4. Pizza Cornucopia: Follow the instructions from the first cornucopia idea. Swap out the breadsticks for ready-to-bake pizza dough. Working quickly, slice the pizza dough into long strips and wrap them around the foil cone, following the method from step one.
Brush the dough with pizza sauce, sprinkle with dried oregano, powdered garlic, and grated cheese such as Parmesan or Romano. Bake the cornucopia according to the pizza dough baking instructions and follow the same cooling instructions.
5. Cinnamon Roll Cornucopia: Follow the instructions from the first cornucopia idea. Swap out the breadsticks for ready-to-bake cinnamon rolls. Working quickly, unroll each roll into a strip and wrap them around the foil cone, following the method from step one.
Follow the baking instructions on the package. Once golden brown and cooked through, remove it from the oven and let the cornucopia cool to room temperature. Gently remove the foil coin. Drizzle the cornucopia with warm icing.
6. Ice Cream Cone Cornucopia: Use large sugar ice cream cones for the cornucopias. Dip the tops in melted chocolate and sprinkle with grated coconut.
Breadsticks spilling from one of the breaded or puff pastry ideas is a graceful, enticing way to fill a cornucopia. This recipe is comprised of just a few simple ingredients that belie the nuanced flavor. Get the recipe.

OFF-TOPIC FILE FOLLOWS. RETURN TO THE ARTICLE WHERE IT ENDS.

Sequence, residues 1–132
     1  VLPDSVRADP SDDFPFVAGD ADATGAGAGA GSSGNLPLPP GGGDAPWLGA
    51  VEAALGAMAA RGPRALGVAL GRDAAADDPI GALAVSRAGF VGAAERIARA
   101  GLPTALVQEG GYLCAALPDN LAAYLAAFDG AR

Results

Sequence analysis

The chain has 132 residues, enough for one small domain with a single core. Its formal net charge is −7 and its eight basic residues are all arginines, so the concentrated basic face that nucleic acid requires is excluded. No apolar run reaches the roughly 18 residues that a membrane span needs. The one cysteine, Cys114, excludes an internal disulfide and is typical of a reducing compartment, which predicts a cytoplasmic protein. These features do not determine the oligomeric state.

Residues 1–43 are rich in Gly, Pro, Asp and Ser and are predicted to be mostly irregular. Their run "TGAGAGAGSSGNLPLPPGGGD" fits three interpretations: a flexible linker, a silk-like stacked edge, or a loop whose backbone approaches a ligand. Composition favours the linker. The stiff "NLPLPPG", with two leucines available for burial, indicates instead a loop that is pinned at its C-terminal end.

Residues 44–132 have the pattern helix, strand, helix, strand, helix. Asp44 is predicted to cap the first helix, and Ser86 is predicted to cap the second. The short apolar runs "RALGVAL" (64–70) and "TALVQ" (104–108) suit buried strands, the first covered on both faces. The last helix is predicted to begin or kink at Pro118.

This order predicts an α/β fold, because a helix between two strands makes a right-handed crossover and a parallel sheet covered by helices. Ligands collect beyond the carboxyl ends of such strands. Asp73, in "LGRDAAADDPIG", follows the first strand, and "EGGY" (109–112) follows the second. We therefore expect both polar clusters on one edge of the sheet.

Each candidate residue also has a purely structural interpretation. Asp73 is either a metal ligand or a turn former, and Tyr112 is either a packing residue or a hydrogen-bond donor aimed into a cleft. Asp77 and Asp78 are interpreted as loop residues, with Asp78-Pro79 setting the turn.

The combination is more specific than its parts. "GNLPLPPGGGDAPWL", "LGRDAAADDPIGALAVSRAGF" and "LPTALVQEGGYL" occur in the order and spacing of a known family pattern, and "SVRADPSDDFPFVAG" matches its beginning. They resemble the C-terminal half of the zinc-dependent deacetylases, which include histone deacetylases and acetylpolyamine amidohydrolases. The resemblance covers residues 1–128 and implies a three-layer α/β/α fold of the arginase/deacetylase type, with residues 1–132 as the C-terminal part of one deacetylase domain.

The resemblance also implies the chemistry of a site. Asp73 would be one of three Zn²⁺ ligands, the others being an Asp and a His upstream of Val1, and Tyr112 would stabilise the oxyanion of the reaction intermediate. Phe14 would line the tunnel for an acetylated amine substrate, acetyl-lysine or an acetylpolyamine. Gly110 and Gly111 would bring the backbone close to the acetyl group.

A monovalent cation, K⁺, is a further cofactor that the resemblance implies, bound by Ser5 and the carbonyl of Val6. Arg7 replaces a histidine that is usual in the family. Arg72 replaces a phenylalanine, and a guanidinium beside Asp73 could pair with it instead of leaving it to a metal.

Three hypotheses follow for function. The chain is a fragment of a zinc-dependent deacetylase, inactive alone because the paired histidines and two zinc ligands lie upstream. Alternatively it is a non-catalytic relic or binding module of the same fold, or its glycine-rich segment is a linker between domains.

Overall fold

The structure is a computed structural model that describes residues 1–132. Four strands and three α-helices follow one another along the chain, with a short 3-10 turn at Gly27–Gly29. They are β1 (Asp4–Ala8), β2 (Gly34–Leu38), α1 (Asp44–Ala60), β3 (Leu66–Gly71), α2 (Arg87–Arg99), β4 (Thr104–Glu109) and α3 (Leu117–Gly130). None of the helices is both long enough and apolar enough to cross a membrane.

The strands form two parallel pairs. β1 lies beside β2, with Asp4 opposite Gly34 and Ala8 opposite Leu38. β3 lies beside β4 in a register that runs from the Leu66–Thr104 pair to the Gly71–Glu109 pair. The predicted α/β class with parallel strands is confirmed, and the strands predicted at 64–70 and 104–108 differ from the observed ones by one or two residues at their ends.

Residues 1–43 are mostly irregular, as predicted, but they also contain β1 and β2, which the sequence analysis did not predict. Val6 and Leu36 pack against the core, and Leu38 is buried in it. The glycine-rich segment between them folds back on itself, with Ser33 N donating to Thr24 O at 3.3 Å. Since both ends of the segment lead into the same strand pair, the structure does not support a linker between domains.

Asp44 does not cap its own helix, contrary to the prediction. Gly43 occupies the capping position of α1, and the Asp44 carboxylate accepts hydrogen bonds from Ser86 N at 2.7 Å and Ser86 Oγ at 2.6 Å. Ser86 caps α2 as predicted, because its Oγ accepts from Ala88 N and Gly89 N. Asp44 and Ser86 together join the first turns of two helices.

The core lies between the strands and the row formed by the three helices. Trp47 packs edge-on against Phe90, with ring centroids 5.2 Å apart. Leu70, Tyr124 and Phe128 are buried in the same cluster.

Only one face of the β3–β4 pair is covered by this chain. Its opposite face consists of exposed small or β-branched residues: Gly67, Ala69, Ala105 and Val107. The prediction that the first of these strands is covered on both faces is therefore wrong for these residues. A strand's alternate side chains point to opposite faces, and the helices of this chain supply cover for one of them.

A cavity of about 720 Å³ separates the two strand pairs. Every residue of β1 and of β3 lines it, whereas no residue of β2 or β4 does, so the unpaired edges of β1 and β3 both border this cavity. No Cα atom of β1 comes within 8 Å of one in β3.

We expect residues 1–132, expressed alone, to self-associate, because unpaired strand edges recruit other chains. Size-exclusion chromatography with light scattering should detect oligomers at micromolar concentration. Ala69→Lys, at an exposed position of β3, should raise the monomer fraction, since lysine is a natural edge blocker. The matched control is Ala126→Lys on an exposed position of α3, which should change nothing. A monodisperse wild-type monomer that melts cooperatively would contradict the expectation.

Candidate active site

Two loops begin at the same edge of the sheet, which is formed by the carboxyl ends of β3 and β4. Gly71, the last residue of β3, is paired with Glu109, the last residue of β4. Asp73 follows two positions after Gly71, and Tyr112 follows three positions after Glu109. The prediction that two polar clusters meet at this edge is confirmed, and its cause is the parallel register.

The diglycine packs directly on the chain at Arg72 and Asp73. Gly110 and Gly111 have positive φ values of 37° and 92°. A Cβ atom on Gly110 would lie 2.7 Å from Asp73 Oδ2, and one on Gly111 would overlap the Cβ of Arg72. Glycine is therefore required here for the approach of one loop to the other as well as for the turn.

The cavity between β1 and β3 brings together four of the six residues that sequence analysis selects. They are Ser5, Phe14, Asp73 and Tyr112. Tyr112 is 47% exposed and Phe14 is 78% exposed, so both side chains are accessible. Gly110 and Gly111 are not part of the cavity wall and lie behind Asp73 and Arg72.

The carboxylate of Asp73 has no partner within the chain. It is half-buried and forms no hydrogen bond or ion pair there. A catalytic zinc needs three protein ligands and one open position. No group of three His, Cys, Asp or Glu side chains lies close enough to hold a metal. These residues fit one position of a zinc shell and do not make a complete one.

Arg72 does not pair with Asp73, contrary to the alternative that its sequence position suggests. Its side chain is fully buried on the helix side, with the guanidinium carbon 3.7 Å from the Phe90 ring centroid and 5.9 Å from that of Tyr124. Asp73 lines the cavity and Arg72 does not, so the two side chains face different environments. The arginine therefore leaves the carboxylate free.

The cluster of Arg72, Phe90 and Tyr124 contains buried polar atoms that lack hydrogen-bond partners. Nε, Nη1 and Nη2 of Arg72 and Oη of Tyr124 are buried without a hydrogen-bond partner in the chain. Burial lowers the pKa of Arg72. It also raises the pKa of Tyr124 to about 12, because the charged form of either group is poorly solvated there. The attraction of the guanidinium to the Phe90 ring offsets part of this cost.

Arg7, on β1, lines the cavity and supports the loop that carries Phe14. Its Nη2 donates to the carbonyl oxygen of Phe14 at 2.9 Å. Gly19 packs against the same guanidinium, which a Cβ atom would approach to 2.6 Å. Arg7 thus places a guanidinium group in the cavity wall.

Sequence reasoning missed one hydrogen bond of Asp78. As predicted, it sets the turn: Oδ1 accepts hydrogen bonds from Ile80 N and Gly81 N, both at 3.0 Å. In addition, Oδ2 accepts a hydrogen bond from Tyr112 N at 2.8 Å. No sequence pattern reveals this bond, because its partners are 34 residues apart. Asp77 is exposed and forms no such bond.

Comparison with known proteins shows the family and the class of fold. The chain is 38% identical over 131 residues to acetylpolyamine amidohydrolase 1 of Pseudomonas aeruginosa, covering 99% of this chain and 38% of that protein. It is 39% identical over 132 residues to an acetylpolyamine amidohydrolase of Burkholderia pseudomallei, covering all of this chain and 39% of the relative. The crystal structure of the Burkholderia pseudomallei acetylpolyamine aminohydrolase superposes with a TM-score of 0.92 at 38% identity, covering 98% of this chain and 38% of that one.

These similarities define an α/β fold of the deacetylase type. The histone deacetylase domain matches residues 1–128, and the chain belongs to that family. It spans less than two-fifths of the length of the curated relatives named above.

Chicken bites are already an addictive snack for children and adults alike. When they’re baked with Parmesan and spilling from a breaded cornucopia, they’re irresistible. Serve the dipping sauce alongside your bites for a true feeling of plenty. Get the recipe.
Baking helps keep these addictive risotto balls healthy and pesto ratchets up the Italian flavor. They’re perfect as filling for one of the breaded cornucopias but for a truly over the top experience, stuff them into the pizza cornucopia alongside the suggested dipping sauce for a dish that will delight all ages. Get the recipe.
Kids can’t resist baked mozzarella sticks and when served inside the pizza or one of the breaded cornucopias, it’s an over-the-top after school or celebratory meal snacking experience. This recipe keeps it simple by using mozzarella cheese sticks as their base and amplifies the crunchy texture with the addition of panko. Get the recipe.
Brunch has never been more fun than when it includes a cinnamon roll cornucopia with cinnamon roll cake pops spilling from it. This recipe drizzles the icing on top of the pops but to serve them inside a cornucopia, place a small bowl of pop sticks alongside in addition to a bowl of icing. Instruct guests to create their pop and then dip it in the icing. Get the recipe.
Few things are more alluring than a sugar cone cornucopia dipped in chocolate and filled with these truffle flavor bombs of coconut and chocolate. The ancient Greeks might be horrified by this twist on their beloved cornucopia but everyone in your family will be thrilled to be served this treat for dessert. Get the recipe.
Header image courtesy of Chica and Jo.